Ficlets romanceclass

Prompt & Pairing, Please: Dream Destination

For #RCReadathon2020, some #romanceclass authors have signed up for a little mini-event called Prompt & Pairing, Please where we write some ficlets with our characters. Because I am a person who is in need of writing challenges to get me out of this writer’s block/funk, I signed up! With two pairs because we’re overachievers like that.

For Rain and Mark, the prompt was: Roadtrip or Rain and Mark on their first intl travel together as a couple ❤️

Yes, the heart was really included in this prompt, haha, so thank you to whoever submitted it! I meant to post this last week, but work got in the way as well as a spectacular bout of impostor syndrome had me hating the first draft and changing everything yet again. So this is Rain and Mark in Japan, their first international trip as a couple. The original draft had the two of them getting lost looking for a bus terminal that would take them to Osaka from Tokyo, but I realized I didn’t want them fighting, so I moved it up a day earlier in their trip before they actually get lost to find that bus terminal (which actually happened to me in real life, haha).

The Japan details here were from my 2014 trip so my memory of the place and all the good things you can eat in a Japanese 7-Eleven is a bit hazy. I’m also pretty sure I botched the descriptions of some things here–my bad. But it was fun hanging out with these two again. 🙂

Also, this is waaaay more than 500 words, so sit back and have some takoyaki or strawberry yogurt drink while you’re reading, maybe? 🙂

Dream Destination

Where is your dream destination?

It seemed silly to think that having the same answer to this question with his best friend Rain during their required Career Planning class in college was a sign of good things to come. But what did college-junior Mark know? When you find out that you have another thing in common with someone you like, you just latch on to it and hope it meant something special—never mind if five other people had answered the same thing.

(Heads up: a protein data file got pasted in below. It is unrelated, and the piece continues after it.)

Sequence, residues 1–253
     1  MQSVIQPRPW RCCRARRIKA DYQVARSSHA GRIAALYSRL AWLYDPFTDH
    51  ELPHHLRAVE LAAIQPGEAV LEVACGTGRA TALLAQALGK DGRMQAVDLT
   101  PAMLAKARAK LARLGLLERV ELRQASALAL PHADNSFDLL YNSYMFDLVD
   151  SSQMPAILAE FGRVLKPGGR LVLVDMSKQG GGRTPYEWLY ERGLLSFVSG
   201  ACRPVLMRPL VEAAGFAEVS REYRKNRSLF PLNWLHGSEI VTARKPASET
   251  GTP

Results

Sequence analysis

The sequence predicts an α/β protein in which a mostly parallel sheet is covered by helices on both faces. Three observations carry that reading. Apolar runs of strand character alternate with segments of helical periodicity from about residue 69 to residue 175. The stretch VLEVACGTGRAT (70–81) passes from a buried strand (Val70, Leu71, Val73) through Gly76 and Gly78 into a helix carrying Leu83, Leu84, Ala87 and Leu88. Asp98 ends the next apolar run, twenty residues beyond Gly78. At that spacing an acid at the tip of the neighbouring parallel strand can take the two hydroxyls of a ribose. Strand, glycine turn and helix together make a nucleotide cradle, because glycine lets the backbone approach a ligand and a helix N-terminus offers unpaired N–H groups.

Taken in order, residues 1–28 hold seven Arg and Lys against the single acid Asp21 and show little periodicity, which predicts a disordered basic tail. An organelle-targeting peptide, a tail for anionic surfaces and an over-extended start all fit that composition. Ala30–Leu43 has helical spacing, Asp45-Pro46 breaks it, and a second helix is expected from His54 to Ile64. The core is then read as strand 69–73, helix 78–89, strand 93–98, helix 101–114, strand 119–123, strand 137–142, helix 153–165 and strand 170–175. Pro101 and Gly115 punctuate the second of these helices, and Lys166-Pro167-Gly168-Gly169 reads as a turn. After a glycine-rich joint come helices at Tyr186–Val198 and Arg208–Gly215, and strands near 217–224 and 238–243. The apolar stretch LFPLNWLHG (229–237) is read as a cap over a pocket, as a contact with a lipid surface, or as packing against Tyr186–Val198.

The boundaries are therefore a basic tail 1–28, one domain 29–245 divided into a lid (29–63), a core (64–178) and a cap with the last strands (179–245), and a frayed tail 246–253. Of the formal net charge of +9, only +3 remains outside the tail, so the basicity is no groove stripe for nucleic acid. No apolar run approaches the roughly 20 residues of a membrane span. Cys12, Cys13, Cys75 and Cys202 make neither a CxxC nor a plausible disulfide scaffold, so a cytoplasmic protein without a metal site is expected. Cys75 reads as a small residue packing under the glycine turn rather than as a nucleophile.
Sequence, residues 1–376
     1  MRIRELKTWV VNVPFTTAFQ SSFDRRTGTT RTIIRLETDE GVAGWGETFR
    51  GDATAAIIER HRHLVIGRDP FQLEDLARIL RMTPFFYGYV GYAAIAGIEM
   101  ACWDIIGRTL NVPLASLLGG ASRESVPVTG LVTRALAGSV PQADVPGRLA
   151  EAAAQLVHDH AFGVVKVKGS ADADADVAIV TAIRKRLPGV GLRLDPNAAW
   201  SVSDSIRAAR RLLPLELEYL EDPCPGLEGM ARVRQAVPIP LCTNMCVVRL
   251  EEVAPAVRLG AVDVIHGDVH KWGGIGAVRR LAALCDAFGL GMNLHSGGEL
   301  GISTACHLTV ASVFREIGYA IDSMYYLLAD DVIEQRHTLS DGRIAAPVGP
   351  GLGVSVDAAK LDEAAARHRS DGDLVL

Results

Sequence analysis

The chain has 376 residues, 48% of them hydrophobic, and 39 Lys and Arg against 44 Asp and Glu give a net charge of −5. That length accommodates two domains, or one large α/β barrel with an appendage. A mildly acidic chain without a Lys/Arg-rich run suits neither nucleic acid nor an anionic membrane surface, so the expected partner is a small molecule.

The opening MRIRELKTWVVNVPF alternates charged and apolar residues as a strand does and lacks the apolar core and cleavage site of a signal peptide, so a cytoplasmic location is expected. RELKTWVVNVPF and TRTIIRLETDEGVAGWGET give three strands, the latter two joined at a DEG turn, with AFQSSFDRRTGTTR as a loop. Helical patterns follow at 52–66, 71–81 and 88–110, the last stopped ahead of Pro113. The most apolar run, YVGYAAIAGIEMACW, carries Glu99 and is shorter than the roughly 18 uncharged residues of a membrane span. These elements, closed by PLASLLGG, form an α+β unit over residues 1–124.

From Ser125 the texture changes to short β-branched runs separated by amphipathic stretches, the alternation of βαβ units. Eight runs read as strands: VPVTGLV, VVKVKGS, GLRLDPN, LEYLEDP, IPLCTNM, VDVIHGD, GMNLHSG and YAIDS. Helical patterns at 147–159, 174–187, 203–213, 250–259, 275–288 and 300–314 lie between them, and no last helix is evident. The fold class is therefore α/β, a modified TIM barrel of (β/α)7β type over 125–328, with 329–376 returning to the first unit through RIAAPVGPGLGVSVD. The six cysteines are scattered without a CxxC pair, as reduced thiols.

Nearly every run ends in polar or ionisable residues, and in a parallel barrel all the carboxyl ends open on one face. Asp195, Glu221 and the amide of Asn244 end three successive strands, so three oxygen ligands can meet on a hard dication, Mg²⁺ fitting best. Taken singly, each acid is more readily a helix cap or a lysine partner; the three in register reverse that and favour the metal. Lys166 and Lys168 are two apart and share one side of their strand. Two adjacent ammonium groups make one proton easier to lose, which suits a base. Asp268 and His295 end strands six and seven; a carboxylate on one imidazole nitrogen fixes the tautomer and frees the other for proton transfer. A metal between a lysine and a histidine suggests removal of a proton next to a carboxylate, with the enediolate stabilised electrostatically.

So when they finally, finally got together, Mark had “Trip to Japan” in his list of things to do with Rain. It took them three years to finally get to it: seven days and six nights, Manila to Osaka flight (because it was cheaper and Mark had relatives there who’d give them free lodging), then take the bullet train to spend three days in Tokyo before going back to roam around Osaka and Kyoto. Overall, it took almost a decade since they both answered the question during that class to make the trip, but it took them eight years to get together for real anyway. For Mark, everything with Rain was worth the wait.

“Alright, show me your stash.”

Rain set the tray she was carrying on the table between them. “I have instant ramen, pork bun, this cute little pancake, and I think this is their version of leche flan?” She waved the cup that looked like it was filled with custard and sugar syrup. “Oh, and three kinds of onigiri: tuna, salmon and kelp.”


“That’s what the translation app said.” Rain shrugged. “Okay, what did you get?”

“Karaage, egg salad sandwich, soba, and…” Mark paused, then drummed his fingers on the table before waving his hand with a flourish on the last plate on his tray. “Takoyaki.”

 “I thought you’ll wait until we get back to Osaka so you can have ‘authentic’ ones by the streets?”

“It was calling my name, okay?” Mark replied. “It’s the frozen kind, and anyway, at least I can make comparisons when we get there tomorrow.”